The pound dived to a new 31-year-low in early Asian trading on Friday (7 October), in what traders and market analysts have described to IBTimes UK as a "flash crash" triggered by an algorithm seeking specific keywords.

One trader said "no valid reason" could be ascribed to the sudden, sharp fall of 6.1% which dragged the pound down to $1.1819, before a subsequent recovery to $1.2468; still at 31-year lows and an intraday decline of 1.17%.

IG market analyst Angus Nicholson felt that a news flow-centric computer algorithm might have triggered the sharp falls, however others have narrowed it down one specific story in the Financial Times.

A story in the newspaper cited French President Francois Hollande calling for "tough Brexit negotiations".

In a related development, Thomson Reuters, which owns the Reuters foreign exchange brokerage platform RTSL, said an outlying trade in the pound that resulted in a fresh 31-year low for sterling on Friday has been cancelled. The cancellation saw the pound's low of $1.1378, captured on charts in early Asian trading, being revised to $1.1491.

Sterling remains at 31-year low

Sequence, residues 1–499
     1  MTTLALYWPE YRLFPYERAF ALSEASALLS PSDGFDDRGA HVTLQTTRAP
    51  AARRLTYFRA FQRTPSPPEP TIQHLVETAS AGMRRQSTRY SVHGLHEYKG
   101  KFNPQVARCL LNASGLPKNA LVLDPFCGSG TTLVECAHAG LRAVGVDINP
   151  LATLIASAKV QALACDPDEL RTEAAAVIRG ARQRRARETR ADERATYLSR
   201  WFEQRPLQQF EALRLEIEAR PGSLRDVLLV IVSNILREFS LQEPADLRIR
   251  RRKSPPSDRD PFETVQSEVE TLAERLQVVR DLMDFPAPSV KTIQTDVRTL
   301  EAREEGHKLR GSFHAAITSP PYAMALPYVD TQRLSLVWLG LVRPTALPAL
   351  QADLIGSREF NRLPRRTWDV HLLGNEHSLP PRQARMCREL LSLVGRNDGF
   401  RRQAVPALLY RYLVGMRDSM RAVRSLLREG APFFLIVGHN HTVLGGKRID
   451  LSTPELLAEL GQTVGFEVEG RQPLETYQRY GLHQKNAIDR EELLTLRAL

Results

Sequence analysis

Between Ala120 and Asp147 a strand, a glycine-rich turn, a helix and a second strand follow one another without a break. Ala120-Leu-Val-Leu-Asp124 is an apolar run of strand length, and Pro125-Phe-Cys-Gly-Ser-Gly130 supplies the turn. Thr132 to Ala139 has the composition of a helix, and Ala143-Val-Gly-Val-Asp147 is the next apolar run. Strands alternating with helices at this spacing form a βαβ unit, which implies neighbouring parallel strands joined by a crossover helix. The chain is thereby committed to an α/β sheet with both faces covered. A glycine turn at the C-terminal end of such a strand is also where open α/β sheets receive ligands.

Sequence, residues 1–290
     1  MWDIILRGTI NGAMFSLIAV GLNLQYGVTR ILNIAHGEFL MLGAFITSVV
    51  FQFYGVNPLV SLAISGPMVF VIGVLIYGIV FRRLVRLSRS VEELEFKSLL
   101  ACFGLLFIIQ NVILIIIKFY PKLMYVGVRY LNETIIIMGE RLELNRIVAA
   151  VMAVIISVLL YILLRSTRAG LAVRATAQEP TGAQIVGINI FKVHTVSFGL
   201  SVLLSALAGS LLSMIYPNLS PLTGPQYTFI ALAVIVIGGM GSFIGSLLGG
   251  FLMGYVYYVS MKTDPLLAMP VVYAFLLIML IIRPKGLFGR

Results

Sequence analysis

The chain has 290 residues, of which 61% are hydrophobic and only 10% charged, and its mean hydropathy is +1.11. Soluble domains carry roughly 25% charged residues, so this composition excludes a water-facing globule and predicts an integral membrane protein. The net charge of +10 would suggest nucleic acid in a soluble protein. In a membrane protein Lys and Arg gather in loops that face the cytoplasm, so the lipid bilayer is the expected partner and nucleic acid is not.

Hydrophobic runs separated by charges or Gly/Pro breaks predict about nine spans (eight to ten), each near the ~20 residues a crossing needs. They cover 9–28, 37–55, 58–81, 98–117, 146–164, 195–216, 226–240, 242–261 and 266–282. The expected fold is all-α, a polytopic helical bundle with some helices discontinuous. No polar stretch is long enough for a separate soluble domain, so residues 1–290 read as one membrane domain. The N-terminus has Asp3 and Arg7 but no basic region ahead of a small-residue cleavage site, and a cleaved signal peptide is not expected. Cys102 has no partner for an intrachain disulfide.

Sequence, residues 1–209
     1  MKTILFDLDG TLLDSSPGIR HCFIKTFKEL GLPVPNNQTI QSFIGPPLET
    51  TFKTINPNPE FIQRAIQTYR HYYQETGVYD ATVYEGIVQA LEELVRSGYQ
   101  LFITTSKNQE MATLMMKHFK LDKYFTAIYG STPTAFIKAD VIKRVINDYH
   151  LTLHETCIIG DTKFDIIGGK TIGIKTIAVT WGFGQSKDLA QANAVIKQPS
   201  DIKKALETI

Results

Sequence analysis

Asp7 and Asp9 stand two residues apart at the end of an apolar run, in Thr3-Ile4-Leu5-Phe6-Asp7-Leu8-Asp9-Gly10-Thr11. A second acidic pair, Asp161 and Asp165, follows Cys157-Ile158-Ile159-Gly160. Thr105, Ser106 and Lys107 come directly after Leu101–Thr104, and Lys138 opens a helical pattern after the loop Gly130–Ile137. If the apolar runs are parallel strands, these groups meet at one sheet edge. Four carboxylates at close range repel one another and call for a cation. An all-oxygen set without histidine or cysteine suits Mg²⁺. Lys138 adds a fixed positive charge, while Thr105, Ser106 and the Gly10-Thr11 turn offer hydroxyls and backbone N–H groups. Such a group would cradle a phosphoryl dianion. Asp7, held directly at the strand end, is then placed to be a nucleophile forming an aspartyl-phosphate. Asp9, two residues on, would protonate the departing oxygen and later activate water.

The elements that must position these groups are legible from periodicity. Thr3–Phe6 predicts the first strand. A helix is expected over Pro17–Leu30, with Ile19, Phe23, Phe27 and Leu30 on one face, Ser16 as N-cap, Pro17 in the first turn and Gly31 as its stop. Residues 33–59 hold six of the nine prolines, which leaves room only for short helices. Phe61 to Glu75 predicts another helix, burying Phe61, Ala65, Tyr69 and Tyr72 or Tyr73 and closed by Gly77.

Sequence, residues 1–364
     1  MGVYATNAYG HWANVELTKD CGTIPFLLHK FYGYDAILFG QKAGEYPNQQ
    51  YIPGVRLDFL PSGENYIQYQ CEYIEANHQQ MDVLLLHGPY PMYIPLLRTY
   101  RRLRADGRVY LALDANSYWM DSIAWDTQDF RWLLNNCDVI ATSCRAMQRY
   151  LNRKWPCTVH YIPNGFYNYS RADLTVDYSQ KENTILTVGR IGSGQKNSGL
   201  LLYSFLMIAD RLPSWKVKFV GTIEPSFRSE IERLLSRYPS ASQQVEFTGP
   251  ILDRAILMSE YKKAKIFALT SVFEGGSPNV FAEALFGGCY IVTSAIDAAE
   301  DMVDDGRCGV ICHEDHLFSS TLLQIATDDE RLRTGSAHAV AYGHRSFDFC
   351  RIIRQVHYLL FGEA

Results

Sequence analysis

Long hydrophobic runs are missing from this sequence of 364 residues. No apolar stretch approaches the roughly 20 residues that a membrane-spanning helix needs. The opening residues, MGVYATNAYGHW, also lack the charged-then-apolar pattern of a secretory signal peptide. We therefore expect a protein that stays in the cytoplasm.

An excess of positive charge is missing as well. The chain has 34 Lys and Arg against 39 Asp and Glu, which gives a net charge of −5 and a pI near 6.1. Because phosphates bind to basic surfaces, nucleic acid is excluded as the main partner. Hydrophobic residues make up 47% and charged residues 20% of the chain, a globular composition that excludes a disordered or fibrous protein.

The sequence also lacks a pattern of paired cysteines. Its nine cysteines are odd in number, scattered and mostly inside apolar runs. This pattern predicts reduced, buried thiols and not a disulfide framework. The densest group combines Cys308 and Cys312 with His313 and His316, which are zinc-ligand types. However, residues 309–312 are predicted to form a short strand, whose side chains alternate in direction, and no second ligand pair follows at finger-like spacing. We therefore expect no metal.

Intraday decline











Point of Asian

“flash crash”






6 Oct


7 Oct


7 Oct


7 Oct

Source: data aggregators

Asia reacts to night session on Wall Street

The region's biggest stock index, the Nikkei 225, retreated 0.4% to 16,824.07 points in the afternoon session. In Hong Kong, the Hang Seng index fell by 0.5% to 23,828.69, while South Korea's Kospi benchmark was down by 0.5% at 2,055.16.

Investors are awaiting the release of US non-farm payrolls data for September, with analysts predicting an increase of 175,000. "Friday's jobs report will be subject of much speculation within the trading community, with the figures pored over for any sign that the US is more or less able to withstand a rate rise in 2016," said Joshua Mahony, market analyst at IG in London.

Elsewhere, Australia's S&P/ASX 200 index retreated 0.3% to 5,467.40 points. Markets in mainland China remain closed for the Golden Week holidays.